Authors
Joanna HS Tan & Faizah bte Zakaria




References
1. Mahatma Gandhi Memorial Building (restored) Singapore: Inauguration by His Excellency Mr S R Nathan. (2011). Singapore: Hindi Society (Singapore), p. 8. (Call no.: RSING 725.94095957 MAH-[SRN]); Suryanarayana, P. S. (2011, January 23). Gandhi Memorial in Singapore restored. The Hindu. Retrieved from Factiva
via NLB’s eResources website: http://eresources.nlb.gov.sg/; ‘Gross act of war’ says Mr MacDonald. (1953, April 26). The Straits Times, p. 1. Retrieved from NewspaperSG.
2. Suryanarayana, P. S. (2011, January 23). Gandhi Memorial in Singapore restored. The Hindu. Retrieved from Factiva
via NLB’s eResources website: http://eresources.nlb.gov.sg/.
3. Colony’s women honour Gandhi. (1948, February 6). The Straits Times, p. 5. Retrieved from NewspaperSG.
4. Mourning for Gandhi reaches climax. (1948, February 13). The Straits Times, p. 1. Retrieved from NewspaperSG; Mahatma Gandhi Memorial Building (restored) Singapore: Inauguration by His Excellency Mr S R Nathan. (2011). Singapore: Hindi Society (Singapore), p. 5. (Call no.: RSING 725.94095957 MAH-[SRN])
5. Hindi Society Singapore. (2014). History of the Hindi Society (Singapore). Retrieved 2016, July 21 from The Hindi Society (Singapore) website: http://www.hindi-society.com/about-us/; Woman proposes Gandhi Institute. (1948, February 4). The Straits Times, p. 5; Colony’s women honour Gandhi. (1948, February 6). The Straits Times, p. 5. Retrieved from NewspaperSG.
6. $69,596 for memorial to Gandhi. (1948, March 3). The Singapore Free Press, p. 5. Retrieved from NewspaperSG.
7. Mahatma Gandhi Memorial Building (restored) Singapore: Inauguration by His Excellency Mr S R Nathan. (2011). Singapore: Hindi Society (Singapore), p. 5. (Call no.: RSING 725.94095957 MAH-[SRN]); Gandhi prize winner. (1949, September 19). The Straits Times, p. 5. Retrieved from NewspaperSG.
8. In memory of Gandhi. (1950, June 1). The Straits Times, p. 7; Tenders soon for Gandhi Memorial. (1950, November 14). The Straits Times, p. 8. Retrieved from NewspaperSG.
9. Down, down went his profits. (1955, August 13). The Straits Times, p. 7. Retrieved from NewspaperSG; Mahatma Gandhi Memorial Building (restored) Singapore: Inauguration by His Excellency Mr S R Nathan. (2011). Singapore: Hindi Society (Singapore), pp. 6–7. (Call no.: RSING 725.94095957 MAH-[SRN])
10. ‘Gross act of war’ says Mr MacDonald. (1953, April 26). The Straits Times, p. 1. Retrieved from NewspaperSG; Mahatma Gandhi Memorial Building (restored) Singapore: Inauguration by His Excellency Mr S R Nathan. (2011). Singapore: Hindi Society (Singapore), p. 8. (Call no.: RSING 725.94095957 MAH-[SRN])
11. Mahatma Gandhi Memorial Building (restored) Singapore: Inauguration by His Excellency Mr S R Nathan. (2011). Singapore: Hindi Society (Singapore), pp. 3, 9. (Call no.: RSING 725.94095957 MAH-[SRN]); ‘Be as tolerant as the Mahatma’ – Caine. (1954, October 3). The Straits Times, p. 5; Remembering Gandhi. (2007, October 4). The Straits Times, p. 33. Retrieved from NewspaperSG; Hindi Society Singapore. (2014). History of the Hindi Society. (Singapore). Retrieved 2016, July 21 from The Hindi Society (Singapore) website: http://www.hindi-society.com/about-us/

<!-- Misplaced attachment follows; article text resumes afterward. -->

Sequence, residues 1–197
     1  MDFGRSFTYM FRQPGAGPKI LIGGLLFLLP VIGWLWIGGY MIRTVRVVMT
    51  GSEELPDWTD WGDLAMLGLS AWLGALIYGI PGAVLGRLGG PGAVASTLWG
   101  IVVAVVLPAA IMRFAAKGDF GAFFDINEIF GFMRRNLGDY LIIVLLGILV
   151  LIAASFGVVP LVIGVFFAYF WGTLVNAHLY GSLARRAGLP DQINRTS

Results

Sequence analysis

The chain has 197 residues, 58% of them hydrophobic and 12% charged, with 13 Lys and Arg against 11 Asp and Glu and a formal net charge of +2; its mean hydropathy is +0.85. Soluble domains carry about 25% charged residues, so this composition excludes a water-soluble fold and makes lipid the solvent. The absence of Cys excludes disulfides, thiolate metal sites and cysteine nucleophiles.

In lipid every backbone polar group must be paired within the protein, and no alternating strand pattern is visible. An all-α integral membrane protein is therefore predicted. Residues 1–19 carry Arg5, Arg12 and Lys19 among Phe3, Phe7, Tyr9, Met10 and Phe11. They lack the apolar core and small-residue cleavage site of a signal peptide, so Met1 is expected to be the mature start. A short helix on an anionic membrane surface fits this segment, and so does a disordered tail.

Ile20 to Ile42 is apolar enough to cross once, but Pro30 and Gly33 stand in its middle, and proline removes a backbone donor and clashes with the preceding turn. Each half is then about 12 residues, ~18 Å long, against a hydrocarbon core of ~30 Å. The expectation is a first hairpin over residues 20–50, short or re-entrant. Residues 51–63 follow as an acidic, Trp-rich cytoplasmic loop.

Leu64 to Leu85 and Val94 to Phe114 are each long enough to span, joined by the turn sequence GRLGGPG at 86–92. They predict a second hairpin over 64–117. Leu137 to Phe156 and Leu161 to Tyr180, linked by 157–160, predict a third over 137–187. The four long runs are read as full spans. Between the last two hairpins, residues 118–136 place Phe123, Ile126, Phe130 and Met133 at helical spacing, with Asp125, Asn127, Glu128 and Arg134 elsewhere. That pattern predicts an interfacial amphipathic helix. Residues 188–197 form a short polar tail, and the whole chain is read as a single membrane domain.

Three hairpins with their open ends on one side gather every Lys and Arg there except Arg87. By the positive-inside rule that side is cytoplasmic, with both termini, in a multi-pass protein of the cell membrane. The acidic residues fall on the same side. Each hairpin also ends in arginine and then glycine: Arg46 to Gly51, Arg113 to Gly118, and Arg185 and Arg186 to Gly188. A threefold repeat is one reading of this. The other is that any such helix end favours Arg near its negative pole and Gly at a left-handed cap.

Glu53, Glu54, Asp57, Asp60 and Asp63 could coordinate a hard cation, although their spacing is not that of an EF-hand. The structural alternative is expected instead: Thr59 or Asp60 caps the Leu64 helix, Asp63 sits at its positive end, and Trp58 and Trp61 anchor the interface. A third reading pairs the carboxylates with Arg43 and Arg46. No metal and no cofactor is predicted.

12. Mahatma Gandhi Memorial Building (restored) Singapore: Inauguration by His Excellency Mr S R Nathan. (2011). Singapore: Hindi Society (Singapore), pp. 5, 9. (Call no.: RSING 725.94095957 MAH-[SRN]); Hindi Society Singapore. (2014). History of the Hindi Society. (Singapore). Retrieved 2016, July 21 from The Hindi Society (Singapore) website: http://www.hindi-society.com/about-us/; Sinda’s family centre moves to Little India. (1993, May 29). The Straits Times, p. 36; $3.4 million for Sinda. (1999, March 13). The Straits Times, p. 46. Retrieved from NewspaperSG.
13. Mahatma Gandhi Memorial Building (restored) Singapore: Inauguration by His Excellency Mr S R Nathan. (2011). Singapore: Hindi Society (Singapore), pp. 5, 9–11. (Call no.: RSING 725.94095957 MAH-[SRN])
14. Bright welcome for restored Gandhi building. (2011, January 23). The Straits Times. Retrieved from Factiva via NLB’s eResources website: http://eresources.nlb.gov.sg/; Hindi Society (Singapore). (2014). History of the Hindi Society (Singapore). Retrieved 2016, July 21 from The Hindi Society (Singapore) website: http://www.hindi-society.com/about-us/; Urban Redevelopment Authority. (2016, July 19). Jalan Besar. Retrieved 2016, July 21 from Urban Redevelopment Authority website: https://www.ura.gov.sg/uol/conservation/conservation-xml.aspx?id=JLNBSR; Mahatma Gandhi Memorial Building (restored) Singapore: Inauguration by His Excellency Mr S R Nathan. (2011). Singapore: Hindi Society (Singapore), pp. 9, 11. (Call no.: RSING 725.94095957 MAH-[SRN])




Further resources
Gandhi, M. K. (1959). An autobiography, or the story of my experiments with truth. Ahmedabad: Navajivan Publishing House.

(Call no.: RCLOS 954.035092 GAN-[LKY])

Mahatma Gandhi Memorial, Singapore [Souvenir]. (1953). Singapore: Gandhiji Memorial Committee.
(Call no.: RCLOS 954.03 GAN.G)



The information in this article is valid as at 2011 and correct as far as we are able to ascertain from our sources. It is not intended to be an exhaustive or complete history of the subject. Please contact the Library for further reading materials on the topic.

 

Subject
Historic buildings--Singapore
Architecture and Landscape>>Building Types>>Historic Buildings
Memorials--Singapore
History>>Asia>>Southeast Asia>>Singapore
Gandhi, Mahatma, 1869-1948--Influence
Historic buildings
Arts>>Architecture>>Public and commercial buildings